While immigration and efforts to define traditional family conventions is nothing new, there has been a coalescence of various demographic shifts in the United States, culminating in the emergence of a new moral panic, where deep rooted fears of a significant, irreversible change in the social order is imminent. Spasms of such an anxiety have been present for some time – some may argue for at least the last several decades since the turbulence of the 1960s – but the intensification of these concerns appears to be related to the impending paradigm change in American demographics estimated for the year 2050. Midway through this century, the United States is scheduled to become a majority minority nation. For some, this is a source for considerable consternation as it brings with it the end of an era perceived to be a permanent part of the American experience and also the sense of uncertainty and possible foreboding of an America which may not readily be recognisable.
While a sense of ensuing anxiety related to inevitable and irreversible demographic shifts may permeate some segments of the public discourse, it is by no means isolated to it. In his final book before his death, Harvard scholar Samuel Huntington assesses the changing America.[i] He suggests that the country is moving toward a more entropic, dystopic future as it abandons its purportedly essential core identity- White, Anglo-Saxon, Protestant- for an increasingly Brown, Latin-American, Catholic countenance. For Huntington and those who subscribe to his pessimism, several social currents have started to move in concert, causing moral panic and yet, simultaneously creating a sense of impotence to either change or prevent those seen as the visible agents of change. While the objects of anxiety and even anger may have been readily apparent, political and cultural realities would militate against the natural impulse for a backlash directed at them. The Arizona and Alabama immigration measures may have represented an expression of frustration over the influx of Hispanics into each respective state and the eventual cultural shifts that would occur. And yet, in neither case have the public debates explicitly framed the issue as a Hispanic “problem,” instead labelling it as a matter of illegal “aliens.” Similarly, the recent legalisation of same-sex marriage in a few states has led its opponents to respond with an affirmative espousal of what marriage is rather than what it is not. In both cases, those affected by moral panic are politically pragmatic enough to engage the issue that vexes them head-on. The Hispanic community is the fastest growing demographic in America and well established in many states that happen to be rich in electoral votes including California, Arizona, Texas, Florida and New York. Any aspersions against Hispanics collectively would be met with tremendous backlash beyond just the political arena. Similarly, the LGBTQ community has gained a reputation of being politically well informed and organised, whereby polemical attacks in the context of the marriage debates would face retribution.
If the cultural sands of America are shifting more than is acceptable for some people by virtue of the transformations of ethnic and social mores, the election of the first African American president in 2008 was seen as a significant change for the nation. While some were inspired by Barack Obama’s ascendancy to the country’s highest elected office and believed it was evidence that America had moved beyond its troubled racial history, it was not a universally held sentiment. Racism, which may have been latent in many quarters, manifested itself in subtle or tangential ways. The President was questioned about his faith, whether he was a Muslim, and about his eligibility to be president by questioning whether he was in fact a natural born citizen, or a Kenyan. In both instances, there was a concerted campaign to portray the President as being alien, a foreigner, someone ineligible to serve as Commander in Chief. Of course, his biography is a matter of public record and scrutiny, incontrovertibly stating that he was born in Honolulu, Hawai’i (the year after it was admitted into the Union) and is a Christian (despite having an atheist father of Muslim heritage and belonging to a congregation in Chicago whose pastor has been surrounded by controversy and notoriety).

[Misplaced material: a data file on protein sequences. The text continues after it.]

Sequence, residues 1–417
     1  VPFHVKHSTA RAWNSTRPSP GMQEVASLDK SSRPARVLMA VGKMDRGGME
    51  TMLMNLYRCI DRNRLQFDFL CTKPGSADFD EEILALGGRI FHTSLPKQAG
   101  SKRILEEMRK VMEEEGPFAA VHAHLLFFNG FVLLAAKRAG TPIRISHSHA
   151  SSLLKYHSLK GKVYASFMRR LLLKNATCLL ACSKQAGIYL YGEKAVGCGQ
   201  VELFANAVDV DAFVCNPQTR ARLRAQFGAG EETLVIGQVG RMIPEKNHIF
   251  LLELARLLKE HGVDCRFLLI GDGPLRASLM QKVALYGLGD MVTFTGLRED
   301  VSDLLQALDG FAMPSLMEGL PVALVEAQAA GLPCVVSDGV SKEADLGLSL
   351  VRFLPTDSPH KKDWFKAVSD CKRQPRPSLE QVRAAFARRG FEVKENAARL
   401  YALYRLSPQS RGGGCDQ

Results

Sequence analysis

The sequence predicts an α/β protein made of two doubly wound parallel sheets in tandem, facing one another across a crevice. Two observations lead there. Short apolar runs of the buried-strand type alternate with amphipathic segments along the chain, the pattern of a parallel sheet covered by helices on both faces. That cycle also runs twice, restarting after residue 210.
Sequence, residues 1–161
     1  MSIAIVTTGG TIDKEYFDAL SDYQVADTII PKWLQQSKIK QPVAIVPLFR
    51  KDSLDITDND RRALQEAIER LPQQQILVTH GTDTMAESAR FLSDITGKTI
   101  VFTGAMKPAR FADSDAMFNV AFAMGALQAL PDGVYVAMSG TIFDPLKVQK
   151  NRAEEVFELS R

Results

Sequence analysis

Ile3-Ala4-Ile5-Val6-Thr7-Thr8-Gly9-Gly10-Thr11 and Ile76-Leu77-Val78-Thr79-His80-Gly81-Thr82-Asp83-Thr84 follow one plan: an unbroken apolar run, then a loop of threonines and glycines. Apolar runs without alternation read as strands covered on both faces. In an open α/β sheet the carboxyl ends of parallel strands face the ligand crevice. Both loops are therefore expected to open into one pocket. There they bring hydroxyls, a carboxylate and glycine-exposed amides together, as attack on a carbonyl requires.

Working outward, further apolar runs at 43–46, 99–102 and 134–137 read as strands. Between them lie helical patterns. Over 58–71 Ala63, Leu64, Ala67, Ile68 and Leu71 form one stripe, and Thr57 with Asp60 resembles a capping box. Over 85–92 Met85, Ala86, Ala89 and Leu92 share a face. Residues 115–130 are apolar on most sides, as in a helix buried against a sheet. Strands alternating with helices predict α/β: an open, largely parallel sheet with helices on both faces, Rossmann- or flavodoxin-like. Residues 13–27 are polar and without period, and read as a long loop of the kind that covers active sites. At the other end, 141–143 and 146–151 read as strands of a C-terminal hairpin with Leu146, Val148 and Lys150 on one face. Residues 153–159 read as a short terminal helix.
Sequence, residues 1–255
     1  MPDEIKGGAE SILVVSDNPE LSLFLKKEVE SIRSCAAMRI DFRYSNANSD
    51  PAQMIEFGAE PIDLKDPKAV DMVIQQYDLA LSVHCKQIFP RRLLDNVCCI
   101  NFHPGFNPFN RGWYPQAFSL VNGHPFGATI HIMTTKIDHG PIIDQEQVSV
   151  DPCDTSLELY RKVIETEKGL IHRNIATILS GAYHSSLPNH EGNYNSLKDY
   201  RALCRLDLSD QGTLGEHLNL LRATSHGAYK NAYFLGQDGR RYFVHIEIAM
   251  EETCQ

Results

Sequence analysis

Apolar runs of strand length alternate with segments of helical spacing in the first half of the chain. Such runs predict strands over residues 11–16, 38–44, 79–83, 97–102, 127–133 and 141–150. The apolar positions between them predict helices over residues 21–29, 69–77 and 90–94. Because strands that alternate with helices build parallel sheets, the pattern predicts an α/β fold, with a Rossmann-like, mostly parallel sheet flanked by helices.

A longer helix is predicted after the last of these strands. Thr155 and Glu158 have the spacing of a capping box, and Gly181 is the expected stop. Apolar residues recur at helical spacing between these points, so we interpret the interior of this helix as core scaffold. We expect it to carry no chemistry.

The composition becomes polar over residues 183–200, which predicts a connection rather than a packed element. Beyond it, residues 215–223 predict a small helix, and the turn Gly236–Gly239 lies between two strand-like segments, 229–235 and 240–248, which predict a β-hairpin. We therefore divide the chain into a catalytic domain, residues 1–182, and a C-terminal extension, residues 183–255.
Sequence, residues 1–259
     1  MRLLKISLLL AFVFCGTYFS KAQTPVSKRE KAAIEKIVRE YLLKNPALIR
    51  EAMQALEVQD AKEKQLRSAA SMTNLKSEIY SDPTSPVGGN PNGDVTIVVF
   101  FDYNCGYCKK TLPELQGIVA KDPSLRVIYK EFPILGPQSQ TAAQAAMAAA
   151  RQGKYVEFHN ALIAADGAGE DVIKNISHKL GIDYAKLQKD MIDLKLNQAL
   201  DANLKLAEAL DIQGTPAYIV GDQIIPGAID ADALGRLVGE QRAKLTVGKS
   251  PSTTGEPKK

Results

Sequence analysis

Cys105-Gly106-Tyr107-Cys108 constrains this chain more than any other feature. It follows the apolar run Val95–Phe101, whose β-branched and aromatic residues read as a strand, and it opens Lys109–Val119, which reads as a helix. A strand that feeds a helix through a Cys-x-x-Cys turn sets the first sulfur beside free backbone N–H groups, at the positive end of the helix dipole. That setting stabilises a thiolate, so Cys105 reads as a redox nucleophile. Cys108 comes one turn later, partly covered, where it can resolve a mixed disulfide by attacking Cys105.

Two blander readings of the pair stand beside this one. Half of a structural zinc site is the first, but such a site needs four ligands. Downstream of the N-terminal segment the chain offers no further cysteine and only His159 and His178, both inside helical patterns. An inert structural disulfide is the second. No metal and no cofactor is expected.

Populism on the Left: Progressives and Identity Politics of a Different Priority
As the morphology of America changes with ethnic shifts toward a larger Hispanic presence and culture, the redefinition of marriage and the dismantling of racial homogeneity in the country’s leadership, Americans have also been saddled with uncertainties regarding the economy as well as the nation’s previously presumed dominance on the international stage. With emerging economic powers such as China, India, Russia and Brazil, the prospect of the United States declining so rapidly from being the world’s sole superpower to one nation among many is a frightening, demoralising prospect. Clearly, anger cannot be levelled against other countries, especially those that are asserting new conventions of strength. Similarly, on the domestic front, many of the suspect groups seen as driving the most dramatic social and cultural shifts are beyond direct and open reproach given their perceived strength politically, financially and historically. The only community remaining in America that is the object of derision and lacks social and political capital is the Muslim American population. As a result, the anger and hostility directed against it may appear to be disproportionate to its size unless one assesses such attitudes as being vicariously channelled towards it in lieu of their actual intended targets.
Rise of Conservative Media and Toxic Talk Radio
Ideological and political shifts rarely occur organically and incipiently from a void. Often, facilitators steer public debate, public consciousness and public activism toward a new, vocal and sometimes virulent counterpoint. Perhaps the most transformational phenomenon over the past 30 years, thus causing generational change, has been the rise of so-called conservative media, especially the advent of the Fox News Network and right-wing talk radio. These complementary, mutually validating outlets have influenced millions of Americans into a parallel discourse and, arguably, parallel reality.